194842 Expert judgment of pharmaceutical and over-the-counter drugs present in recycled water for indirect potable reuse

Wednesday, November 11, 2009: 12:48 PM

Louisa Flander, Ph D , School of Population Health, University of Melbourne, Carlton VIC 3053, Australia
Andew Speirs-Bridge, BBSc (Hons) , University of Melbourne, Parkville VIC 3010, Australia
Fiona Fidler, PhD , LaTrobe University, Bundoora VIC 3086, Australia
Marissa McBride, BSc (Hons) , University of Melbourne, Parkville VIC 3010, Australia
Mark Burgman, PhD , University of Melbourne, Parkville VIC 3010, Australia
Peter Fox, PhD , Department of Civil and Environmental Engineering, Arizona State University, Tempe, AZ
Grant Skrepnek, PhD , Department of Pharmacy Practice and Science, University of Arizona, Tucson, AZ
Jeffrey Soller, MS , Soller Environmental, Berkeley, CA
Margaret H. Nellor, MS , Nellor Environmental Associates Inc., Austin, TX
We demonstrate the application of a novel four-step elicitation technique for generating expert predictions of the concentration of pharmaceutical and over-the-counter drugs expected to be present in recycled water used for supplementing drinking water over the next twenty years (indirect potable reuse or IPR). This work is part of a larger project that is assessing the risks of IPR projects using relative risk assessments and developing “safe” concentration levels for drugs and other non-regulated chemicals. The project is also predicting contaminants that may be of future concern based on pharmaceutical production trends and use, their fate during water reclamation treatment processes, and testing expert judgment of future exposures against these predictions. The method is a structured elicitation of expert judgment and offers an alternative to other methods for examining risks and providing transparent risk assessment where data may be lacking. In such instances as environmental health hazards with low probability and potentially catastrophic outcomes, data for risk estimates must be inferred from alternative sources such as expert opinions. These opinions are often elicited in the form of subjective confidence intervals; however the judgments are prone to cognitive biases such as overconfidence. In this study, predictions of chemical exposures are elicited by means of an expert judgment instrument for predicting distributions and assigning credible subjective estimates. The predicted compounds provide crucial information about future pharmaceutical trends as well as benchmarks for use by the recycled water industry, public health regulatory agencies and consumer advocacy networks.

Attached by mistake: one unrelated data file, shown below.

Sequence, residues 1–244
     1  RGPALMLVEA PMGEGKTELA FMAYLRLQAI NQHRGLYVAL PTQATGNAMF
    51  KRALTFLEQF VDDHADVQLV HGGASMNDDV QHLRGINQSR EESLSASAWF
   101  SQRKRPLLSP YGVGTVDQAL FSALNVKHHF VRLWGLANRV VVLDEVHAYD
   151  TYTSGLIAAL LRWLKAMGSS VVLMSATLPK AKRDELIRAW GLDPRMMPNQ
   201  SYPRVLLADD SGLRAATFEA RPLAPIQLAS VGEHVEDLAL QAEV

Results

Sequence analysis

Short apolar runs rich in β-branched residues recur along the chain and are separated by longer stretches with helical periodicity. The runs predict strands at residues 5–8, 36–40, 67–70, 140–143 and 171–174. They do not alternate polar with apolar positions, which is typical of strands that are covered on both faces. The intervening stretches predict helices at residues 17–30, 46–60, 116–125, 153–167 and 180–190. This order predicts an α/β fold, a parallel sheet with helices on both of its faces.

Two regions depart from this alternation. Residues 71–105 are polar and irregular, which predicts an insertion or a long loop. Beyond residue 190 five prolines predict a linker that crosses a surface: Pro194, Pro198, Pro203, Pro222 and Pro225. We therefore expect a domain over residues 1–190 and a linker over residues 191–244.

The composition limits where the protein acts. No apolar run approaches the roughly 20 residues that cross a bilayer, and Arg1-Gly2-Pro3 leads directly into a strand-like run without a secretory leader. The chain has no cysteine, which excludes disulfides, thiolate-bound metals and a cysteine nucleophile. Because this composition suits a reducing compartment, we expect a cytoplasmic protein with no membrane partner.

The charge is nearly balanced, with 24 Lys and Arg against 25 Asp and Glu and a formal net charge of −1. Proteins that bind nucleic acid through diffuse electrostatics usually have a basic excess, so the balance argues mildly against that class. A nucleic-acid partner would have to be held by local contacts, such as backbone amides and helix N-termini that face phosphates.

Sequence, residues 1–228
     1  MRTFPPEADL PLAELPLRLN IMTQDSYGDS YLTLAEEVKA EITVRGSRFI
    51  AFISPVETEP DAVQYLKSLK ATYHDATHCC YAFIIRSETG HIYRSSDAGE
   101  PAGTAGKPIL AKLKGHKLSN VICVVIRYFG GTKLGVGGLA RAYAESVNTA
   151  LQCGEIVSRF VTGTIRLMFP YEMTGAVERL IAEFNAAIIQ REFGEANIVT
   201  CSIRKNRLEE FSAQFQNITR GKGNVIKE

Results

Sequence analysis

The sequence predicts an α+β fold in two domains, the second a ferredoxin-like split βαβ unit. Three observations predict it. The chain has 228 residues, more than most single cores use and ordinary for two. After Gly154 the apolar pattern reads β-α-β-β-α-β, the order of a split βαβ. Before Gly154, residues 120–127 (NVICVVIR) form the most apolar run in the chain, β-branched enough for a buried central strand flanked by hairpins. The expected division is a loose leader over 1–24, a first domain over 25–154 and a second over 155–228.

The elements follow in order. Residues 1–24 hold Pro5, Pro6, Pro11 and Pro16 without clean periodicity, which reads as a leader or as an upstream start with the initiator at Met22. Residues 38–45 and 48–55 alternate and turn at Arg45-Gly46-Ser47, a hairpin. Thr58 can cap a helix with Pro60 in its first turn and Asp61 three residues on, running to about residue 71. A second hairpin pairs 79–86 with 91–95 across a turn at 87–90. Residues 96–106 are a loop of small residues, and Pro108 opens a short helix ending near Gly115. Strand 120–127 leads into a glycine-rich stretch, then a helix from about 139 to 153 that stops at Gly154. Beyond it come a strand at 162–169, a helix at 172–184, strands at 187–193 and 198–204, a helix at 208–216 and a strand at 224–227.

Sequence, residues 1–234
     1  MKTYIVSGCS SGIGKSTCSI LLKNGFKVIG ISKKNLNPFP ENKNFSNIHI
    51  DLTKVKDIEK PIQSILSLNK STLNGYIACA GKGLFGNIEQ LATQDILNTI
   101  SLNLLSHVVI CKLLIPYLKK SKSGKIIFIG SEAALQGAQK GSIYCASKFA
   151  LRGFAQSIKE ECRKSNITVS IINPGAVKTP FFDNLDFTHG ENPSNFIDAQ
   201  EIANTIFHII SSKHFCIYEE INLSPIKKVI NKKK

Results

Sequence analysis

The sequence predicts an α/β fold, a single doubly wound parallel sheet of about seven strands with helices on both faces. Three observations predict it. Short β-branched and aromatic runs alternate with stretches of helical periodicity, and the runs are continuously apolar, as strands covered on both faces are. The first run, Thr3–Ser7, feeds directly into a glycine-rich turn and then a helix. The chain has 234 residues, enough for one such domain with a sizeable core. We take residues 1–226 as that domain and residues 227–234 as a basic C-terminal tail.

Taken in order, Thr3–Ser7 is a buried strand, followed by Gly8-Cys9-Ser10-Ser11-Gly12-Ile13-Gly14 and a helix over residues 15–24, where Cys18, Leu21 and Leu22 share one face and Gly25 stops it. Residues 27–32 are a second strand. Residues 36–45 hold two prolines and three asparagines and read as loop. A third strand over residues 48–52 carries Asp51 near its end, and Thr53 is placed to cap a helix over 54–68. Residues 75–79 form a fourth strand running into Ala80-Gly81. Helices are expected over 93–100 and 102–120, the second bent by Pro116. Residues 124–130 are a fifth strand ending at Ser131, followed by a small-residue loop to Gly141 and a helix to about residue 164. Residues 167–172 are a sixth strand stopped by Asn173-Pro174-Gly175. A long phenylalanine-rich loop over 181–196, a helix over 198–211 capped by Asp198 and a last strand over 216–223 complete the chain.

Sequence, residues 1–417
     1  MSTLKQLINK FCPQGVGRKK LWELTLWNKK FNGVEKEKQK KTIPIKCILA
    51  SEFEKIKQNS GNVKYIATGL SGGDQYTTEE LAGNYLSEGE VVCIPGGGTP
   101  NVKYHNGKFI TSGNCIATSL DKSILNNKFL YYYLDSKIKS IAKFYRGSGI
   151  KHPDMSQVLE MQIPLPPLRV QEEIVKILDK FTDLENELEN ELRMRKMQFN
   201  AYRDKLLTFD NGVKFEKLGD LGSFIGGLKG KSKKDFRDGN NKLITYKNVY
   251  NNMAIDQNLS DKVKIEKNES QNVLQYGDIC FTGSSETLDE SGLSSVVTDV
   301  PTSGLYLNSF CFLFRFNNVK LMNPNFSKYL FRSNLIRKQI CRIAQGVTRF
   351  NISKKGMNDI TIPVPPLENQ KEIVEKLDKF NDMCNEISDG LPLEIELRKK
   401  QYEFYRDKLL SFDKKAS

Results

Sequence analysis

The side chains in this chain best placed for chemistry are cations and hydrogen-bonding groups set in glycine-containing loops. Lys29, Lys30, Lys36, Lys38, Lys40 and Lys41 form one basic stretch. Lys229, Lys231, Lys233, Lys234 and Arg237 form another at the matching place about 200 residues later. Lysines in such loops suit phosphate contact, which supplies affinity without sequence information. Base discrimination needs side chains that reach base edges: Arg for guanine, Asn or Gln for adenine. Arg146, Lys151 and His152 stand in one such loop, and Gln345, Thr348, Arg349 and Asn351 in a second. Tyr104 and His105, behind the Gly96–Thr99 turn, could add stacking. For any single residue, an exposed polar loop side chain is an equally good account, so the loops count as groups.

Learning Objectives:
1. Describe a novel expert elicitation method. 2. List at least three pharmaceutical compounds predicted to be present in drinking water over the next 20 years.

Keywords: Environmental Exposures, Water Quality

Presenting author's disclosure statement:

Qualified on the content I am responsible for because: I am the Senior Research Fellow on the Australian Research Council funded grant that contributes to this research report, as well as co-investigator on the Water ReUse Foundation funded grant that contributes to this research. I have designed and conducted this and related research projects over the past five years, including grants, conference presentations and articles submitted to referreed journals.
Any relevant financial relationships? No

I agree to comply with the American Public Health Association Conflict of Interest and Commercial Support Guidelines, and to disclose to the participants any off-label or experimental uses of a commercial product or service discussed in my presentation.